There’s a nice symmetry to the offer by Japanese developer Shirayama Shokusan for part of County Hall to house the proposed Greater London Authority. Anyone with fond memories of the reign of “Red Ken” Livingston from the building before the Greater London Council was axed and the GLC-sponsored Fun Days will sigh with nostalgia at the prospect – if only because it brings back memories of that pre-Lottery era when genuine public sponsorship was on a par with private funding for cultural events.
But however tempting, the Government should decline the offer. We’ve entered a new age, charged with optimism and self-confidence, and the GLA should be a part of the so-called new beginning. Far better, therefore, to set up shop elsewhere, and use the opportunity to show a commitment to design by commissioning a first rate British designer. That’s what the Design Council will do when it moves later this year to premises rumoured to be in London’s Bow Street, with Ben Kelly handling the design.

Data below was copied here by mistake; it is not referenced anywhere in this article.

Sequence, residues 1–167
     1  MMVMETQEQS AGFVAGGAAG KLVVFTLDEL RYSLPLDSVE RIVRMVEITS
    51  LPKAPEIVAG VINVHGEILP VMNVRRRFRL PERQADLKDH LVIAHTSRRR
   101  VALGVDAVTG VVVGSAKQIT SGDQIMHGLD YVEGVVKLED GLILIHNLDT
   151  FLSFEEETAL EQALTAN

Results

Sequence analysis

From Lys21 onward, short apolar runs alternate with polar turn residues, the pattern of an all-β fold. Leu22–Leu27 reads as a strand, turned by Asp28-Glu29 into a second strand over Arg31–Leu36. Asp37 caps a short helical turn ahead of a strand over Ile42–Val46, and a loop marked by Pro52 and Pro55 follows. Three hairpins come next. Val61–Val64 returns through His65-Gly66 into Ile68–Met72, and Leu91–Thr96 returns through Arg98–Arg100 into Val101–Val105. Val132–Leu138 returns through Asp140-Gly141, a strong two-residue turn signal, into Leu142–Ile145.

We need sweeping changes if we are to kick the habit of being a purely “heritage” culture. Just look at the trouncing those trying to cash in on it with “theme-park” museum attractions recently received from National Arts Collection Fund chairman Sir Nicholas Goodison.
In a radio interview last week, furniture designer Tom Lloyd spoke of the UK’s penchant for repro-styling. If the average Brit has a big Lottery win, a Tudorbethan-style house is likely to top the shopping list, he said, rather than a stunning piece of modern architecture. It’s certainly easier to buy repro furniture in most towns than the modern designs featured in the Sunday supplements.
Things are changing. But while consumers’ appetites are whetted by the style press and increased travel, it’ll take much more to persuade British industry that well-designed contemporary products will sell. That’s why we need New Labour to take the lead, even in the small matter of the GLA premises. Look what President Mitterrand’s overt patronage of design did for Paris.